In Paris, most reopened museums require reservations. One housing the collection of François Pinault just opened in the city’s former commodities exchange. The Louvre is displaying masterpieces such as the Mona Lisa, the Venus de Milo and Caravaggio’s “The Fortune Teller,” as well as the exhibition “Italian Renaissance sculpture from Donatello to Michelangelo,” which runs until June 21. For those seeking French Impressionism, the Orsay Museum has reopened.
Greece has been open to tourists from the U.S., Israel and most of Europe since mid-May. To attract tourists and bolster summer business, the Greek government has prioritized vaccinating people living on its many islands.
The Acropolis in Athens is open, as are most outdoor cultural sites in the Greek capital and the rest of the country. For those wanting a deeper dive into the area’s archeological and historical significance, the Acropolis museum is open.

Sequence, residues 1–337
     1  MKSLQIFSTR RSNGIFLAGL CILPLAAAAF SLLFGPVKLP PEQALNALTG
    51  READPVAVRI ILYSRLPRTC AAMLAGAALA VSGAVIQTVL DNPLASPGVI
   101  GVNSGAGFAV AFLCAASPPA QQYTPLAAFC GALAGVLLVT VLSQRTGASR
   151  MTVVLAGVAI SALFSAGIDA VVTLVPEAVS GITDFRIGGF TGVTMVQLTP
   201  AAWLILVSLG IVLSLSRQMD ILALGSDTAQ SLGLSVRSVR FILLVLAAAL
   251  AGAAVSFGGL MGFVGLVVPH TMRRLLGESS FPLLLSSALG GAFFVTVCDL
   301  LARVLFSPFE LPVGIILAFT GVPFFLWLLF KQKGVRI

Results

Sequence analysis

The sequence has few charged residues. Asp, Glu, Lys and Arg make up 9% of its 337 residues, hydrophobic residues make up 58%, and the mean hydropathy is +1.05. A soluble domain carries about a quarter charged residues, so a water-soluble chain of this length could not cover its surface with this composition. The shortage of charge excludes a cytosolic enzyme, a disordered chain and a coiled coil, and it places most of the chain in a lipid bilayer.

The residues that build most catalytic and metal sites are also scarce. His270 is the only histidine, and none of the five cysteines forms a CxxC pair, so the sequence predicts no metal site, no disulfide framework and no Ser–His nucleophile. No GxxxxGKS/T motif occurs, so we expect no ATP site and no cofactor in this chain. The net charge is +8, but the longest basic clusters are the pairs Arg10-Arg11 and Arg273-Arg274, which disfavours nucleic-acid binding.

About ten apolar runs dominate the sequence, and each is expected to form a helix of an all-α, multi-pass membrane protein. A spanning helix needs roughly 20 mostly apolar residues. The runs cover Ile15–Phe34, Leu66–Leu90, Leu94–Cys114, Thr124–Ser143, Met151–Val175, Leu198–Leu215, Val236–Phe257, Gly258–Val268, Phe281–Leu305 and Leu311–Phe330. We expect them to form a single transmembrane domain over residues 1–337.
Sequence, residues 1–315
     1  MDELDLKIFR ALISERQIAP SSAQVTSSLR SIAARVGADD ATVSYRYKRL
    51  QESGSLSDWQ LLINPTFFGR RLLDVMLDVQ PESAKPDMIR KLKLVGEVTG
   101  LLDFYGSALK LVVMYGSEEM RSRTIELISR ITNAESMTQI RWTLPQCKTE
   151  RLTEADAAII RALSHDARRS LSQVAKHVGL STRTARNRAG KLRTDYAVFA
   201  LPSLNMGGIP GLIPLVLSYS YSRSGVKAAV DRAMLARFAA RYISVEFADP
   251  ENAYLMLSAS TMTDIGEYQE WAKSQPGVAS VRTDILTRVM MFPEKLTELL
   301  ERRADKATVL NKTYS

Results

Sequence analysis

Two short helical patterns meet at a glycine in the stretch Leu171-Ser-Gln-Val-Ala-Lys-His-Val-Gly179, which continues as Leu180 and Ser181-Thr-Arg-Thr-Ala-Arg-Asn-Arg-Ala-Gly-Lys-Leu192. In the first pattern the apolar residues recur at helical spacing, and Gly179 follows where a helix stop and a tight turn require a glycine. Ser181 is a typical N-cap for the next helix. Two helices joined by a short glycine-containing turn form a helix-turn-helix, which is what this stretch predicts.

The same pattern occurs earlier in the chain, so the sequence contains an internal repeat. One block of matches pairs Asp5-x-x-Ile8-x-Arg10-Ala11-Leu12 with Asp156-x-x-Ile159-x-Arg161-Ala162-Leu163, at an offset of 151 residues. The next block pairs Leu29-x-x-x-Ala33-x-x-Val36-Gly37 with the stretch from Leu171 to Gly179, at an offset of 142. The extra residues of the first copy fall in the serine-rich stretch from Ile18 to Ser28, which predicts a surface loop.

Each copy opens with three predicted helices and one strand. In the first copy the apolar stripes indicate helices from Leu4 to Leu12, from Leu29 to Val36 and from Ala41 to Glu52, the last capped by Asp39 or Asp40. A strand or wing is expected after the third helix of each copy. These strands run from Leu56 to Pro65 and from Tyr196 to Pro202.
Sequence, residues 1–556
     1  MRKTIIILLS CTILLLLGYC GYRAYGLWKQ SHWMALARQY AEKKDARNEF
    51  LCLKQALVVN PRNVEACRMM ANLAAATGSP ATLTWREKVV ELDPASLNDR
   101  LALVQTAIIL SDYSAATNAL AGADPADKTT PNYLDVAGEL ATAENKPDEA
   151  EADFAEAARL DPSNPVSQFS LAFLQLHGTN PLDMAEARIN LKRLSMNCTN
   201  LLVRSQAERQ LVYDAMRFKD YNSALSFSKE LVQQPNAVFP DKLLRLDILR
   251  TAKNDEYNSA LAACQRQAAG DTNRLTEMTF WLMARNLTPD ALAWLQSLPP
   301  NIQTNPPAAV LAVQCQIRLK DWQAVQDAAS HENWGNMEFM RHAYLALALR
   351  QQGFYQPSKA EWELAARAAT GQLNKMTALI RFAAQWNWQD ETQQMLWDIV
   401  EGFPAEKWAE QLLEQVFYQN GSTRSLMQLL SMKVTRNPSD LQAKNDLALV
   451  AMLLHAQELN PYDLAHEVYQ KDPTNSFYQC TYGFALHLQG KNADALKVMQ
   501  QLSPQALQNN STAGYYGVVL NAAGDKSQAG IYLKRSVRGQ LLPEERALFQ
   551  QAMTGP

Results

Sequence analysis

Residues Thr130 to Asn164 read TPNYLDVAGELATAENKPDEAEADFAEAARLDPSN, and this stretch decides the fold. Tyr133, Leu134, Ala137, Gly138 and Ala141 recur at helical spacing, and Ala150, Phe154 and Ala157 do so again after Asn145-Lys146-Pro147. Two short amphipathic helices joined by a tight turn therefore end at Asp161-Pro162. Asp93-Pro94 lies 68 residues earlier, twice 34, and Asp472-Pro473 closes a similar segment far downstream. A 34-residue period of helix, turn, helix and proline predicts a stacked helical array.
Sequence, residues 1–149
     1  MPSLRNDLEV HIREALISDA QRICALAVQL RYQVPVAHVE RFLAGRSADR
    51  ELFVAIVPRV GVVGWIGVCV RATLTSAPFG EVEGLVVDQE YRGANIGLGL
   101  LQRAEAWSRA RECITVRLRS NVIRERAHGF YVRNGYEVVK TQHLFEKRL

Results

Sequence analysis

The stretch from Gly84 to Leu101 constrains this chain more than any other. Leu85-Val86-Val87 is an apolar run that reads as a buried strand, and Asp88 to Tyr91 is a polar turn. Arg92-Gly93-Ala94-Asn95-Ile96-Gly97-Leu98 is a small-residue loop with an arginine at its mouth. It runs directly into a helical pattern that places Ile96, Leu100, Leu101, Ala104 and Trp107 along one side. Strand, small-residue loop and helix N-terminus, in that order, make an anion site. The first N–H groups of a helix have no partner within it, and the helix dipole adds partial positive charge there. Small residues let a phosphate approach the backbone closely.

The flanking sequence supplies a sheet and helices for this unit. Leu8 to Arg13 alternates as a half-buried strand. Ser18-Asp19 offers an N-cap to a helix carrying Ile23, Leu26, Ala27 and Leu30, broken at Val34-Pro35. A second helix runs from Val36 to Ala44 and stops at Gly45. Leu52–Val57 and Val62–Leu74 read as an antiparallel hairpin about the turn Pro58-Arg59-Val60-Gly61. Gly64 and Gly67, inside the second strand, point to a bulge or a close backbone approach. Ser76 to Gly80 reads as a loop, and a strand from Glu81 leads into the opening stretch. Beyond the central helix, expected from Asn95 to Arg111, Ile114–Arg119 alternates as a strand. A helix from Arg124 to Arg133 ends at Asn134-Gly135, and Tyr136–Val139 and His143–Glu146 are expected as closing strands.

The Free Earth festival in Halkidiki, on the coastal mainland near Thessaloniki, promises a week of live music and events on the beach. Organizers bill it as “good vibes and consciousness.”
Island-hopping remains a tourism staple in Greece. Ferries leaving the mainland have similar restrictions to flights regarding proof of vaccination, a negative Covid test or proof of recovery.
Iceland was the first European country to let in vaccinated tourists from outside Europe. Delta, American and United have flights to Reykjavik.